Don’t Blame the Work Force

The New York Times Editorial Board writes:

There is a durable belief that much of today’s unemployment is rooted in a skills gap, in which good jobs go unfilled for lack of qualified applicants. This is mostly a corporate fiction, based in part on self-interest and a misreading of government data. The next time someone tells you that there are a lack of skilled high tech workers for companies to hire...question their motives for telling you that. There are plenty of workers available, if companies are willing to pay for them to work. Most of the time they aren't willing to pay them a fair wage, preferring to pay them less than they're worth or hoping to hire an H1B Visa employee for less than an American would take.


John Cook, at Gawker writes:

This is a story, of course, that those decent and wise stewards generally want told—even if it requires the publications of the odd embarrassing "insider" detail—which is why Woodward has been able to waltz in and out of every administration since Carter with impunity. The trade-off—access in exchange for an implicit pledge to judge his subjects by the polite rules of Washington—has essentially defined Woodward's journalism. Even when it came to Nixon, his bete noir, Woodward was willing to bow to his head and submit a list of pre-screened questions in exchange for an interview (it never happened). But the spell has broken. The Obama White House has, it appears, been as receptive to Woodward's bargain as its predecessors were, but for some reason he's gone off the grid and begun firing wildly and without provocation. Who knows why. The changes to our politics over the last five years have obviously been hard on him. It's more difficult to tell stories about good men working out their honest differences when one half of the equation has foresworn compromise and committed itself to total political warfare. The comfortable subroutines of his brain have gone haywire, and he's kicking out garbage. But the simplest explanation for this episode is that he wants people to buy his book about how the president is an effete asshole who's in over his head. How would one go about marketing a book like that, I wonder? During the entirety of the Bush Administration, Woodward made 11 appearances on Fox News Channel. Last year, he showed up 10 times. This year, he's been on three times so far. Guess where he's going to be tonight. This just in, Bob Woodward is a hack (and this isn't news if you'd been paying attention for the past 13 years). The general consensus amongst the White House Press Corps seems to be in agreement. Credit for the title of this post goes to @delrayser.

John Kerry Busts Out Some French

This made me smile. Olivier Knox of Yahoo News:

[W]hile Kerry seemed a bit rusty, his opening remarks at a joint press conference with the French foreign minister sounded pretty solid to this native speaker... And he poured on the charm to please his audience. “We’ve just finished one of those wonderful French lunches that have never ceased drawing Americans to Paris for centuries,” he said, seemingly reading from notes or prepared remarks. And he also joked about anti-French sentiment in the United States. “And now I’ll speak in English because otherwise they won’t let me return home.” Kerry’s gesture thrilled the French, who appreciate it when visiting dignitaries make an effort to speak their hosts’ language.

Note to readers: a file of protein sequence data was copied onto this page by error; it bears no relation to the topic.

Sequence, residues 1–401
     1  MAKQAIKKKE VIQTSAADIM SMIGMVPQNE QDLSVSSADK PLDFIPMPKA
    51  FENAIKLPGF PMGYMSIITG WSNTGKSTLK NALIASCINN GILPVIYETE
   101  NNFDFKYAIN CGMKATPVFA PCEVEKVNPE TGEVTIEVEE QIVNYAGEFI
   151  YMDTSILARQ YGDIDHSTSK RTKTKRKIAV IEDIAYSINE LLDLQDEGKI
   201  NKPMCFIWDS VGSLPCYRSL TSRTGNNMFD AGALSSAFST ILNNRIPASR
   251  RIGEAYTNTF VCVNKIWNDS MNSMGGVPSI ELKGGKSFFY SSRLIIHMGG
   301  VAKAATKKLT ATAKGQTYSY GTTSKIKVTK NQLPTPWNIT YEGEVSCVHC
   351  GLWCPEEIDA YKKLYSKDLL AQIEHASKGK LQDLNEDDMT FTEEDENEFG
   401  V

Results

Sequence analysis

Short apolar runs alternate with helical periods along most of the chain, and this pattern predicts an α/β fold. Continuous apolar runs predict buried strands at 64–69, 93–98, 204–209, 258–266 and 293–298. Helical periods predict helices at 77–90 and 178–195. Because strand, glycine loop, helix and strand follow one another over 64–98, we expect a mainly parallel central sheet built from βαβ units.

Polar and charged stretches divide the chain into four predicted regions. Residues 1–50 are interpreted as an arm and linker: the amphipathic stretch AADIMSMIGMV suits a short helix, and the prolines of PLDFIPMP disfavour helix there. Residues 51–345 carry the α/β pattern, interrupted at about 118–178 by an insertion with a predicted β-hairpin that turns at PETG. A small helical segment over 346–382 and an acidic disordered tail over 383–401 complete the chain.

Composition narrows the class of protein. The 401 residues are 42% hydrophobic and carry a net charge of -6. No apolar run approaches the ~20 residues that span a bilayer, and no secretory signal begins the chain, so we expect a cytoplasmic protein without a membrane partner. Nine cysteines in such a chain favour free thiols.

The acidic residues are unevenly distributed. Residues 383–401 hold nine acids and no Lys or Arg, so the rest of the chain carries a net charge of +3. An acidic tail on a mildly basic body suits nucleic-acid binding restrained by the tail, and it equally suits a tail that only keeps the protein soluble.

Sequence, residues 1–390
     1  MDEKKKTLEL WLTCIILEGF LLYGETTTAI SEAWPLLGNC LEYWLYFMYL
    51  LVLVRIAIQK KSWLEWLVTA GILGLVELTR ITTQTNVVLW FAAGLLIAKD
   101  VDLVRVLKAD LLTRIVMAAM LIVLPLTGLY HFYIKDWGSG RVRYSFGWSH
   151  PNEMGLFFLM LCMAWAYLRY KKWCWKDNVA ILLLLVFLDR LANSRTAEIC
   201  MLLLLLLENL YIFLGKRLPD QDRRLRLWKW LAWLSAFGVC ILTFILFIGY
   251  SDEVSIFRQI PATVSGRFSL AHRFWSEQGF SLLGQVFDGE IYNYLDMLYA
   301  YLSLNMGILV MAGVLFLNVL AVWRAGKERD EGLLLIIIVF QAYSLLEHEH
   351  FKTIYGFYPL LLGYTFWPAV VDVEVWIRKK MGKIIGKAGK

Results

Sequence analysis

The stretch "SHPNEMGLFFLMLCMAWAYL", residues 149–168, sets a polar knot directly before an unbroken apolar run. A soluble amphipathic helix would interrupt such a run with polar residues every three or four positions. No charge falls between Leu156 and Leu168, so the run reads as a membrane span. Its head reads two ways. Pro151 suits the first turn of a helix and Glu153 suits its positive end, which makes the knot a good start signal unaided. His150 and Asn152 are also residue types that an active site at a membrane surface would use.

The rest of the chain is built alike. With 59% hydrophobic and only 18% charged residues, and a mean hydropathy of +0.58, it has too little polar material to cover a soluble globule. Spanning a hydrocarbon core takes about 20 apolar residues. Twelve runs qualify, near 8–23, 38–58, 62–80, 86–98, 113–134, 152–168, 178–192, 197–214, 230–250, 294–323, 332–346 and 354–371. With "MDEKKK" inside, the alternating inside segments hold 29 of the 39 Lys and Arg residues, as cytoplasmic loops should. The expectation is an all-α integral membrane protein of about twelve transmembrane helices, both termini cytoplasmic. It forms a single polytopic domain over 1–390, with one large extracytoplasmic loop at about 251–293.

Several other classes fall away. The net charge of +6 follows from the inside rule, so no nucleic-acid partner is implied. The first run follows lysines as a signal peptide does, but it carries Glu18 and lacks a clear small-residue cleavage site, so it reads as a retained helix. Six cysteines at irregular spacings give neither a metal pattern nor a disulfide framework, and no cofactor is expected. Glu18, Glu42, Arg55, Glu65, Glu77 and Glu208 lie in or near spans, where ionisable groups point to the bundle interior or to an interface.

Eric Cantor Will Propose Federal Law That Ends Overtime Pay For Hourly Workers

Someone who goes by the username TeamSarah4Choice, at Daily Kos writes:

In Eric Cantor's February 2013 speech, he said he wanted to propose Federal Law that would end overtime pay for hourly workers. Currently, the Fair Labor Standards Act of 1938 (FLSA), signed into law by President Franklin D. Roosevelt, mandates that certain workers get paid "time + 1/2" for overtime work. Eric Cantor wants to eliminate that law. Because -- ya know -- workers not getting paid for overtime hours worked out so good for workers before FDR enacted that Law. Eric Cantor is a real piece of work.

Why A One-Room West Virginia Library Runs a $20,000 Cisco Router

Nate Anderson, at Ars Technica writes:

In total, $24 million was spent on the routers through a not-very-open bidding process under which non-Cisco router manufacturers such as Juniper and Alcatel-Lucent were not "given notice or any opportunity to bid." As for Cisco, which helped put the massive package together, the legislative auditor concluded that the company "had a moral responsibility to propose a plan which reasonably complied with Cisco's own engineering standards" but that instead "Cisco representatives showed a wanton indifference to the interests of the public in recommending using $24 million of public funds to purchase 1,164 Cisco model 3945 branch routers." After having dealt with Cisco personally at my current job, this doesn't surprise me.

White House Offers Republicans Deal For 80% Of Their Demands To Avoid Sequester; Republicans Refuse It

Ezra Klein, at The Washington Post writes:

As I understand it, the GOP has five basic goals in the budget talks: 1) Cut the deficit. 2) Cut entitlement spending. 3) Protect defense spending, and possibly even increase it. 4) Simplify the tax code by cleaning out deductions and loopholes. 5) Lower tax rates. The White House is willing to cut a deal with Republicans that will accomplish 1, 2, 3 and 4. But Republicans don’t want that deal. They’d prefer the sequester to that deal. That means they will get less on 1, basically nothing 2, 4, and 5, and they will actively hurt themselves on 3. So, rather than accomplishing four of their five goals, they’re accomplishing part of one. Some trade. Also, watch this bullshit: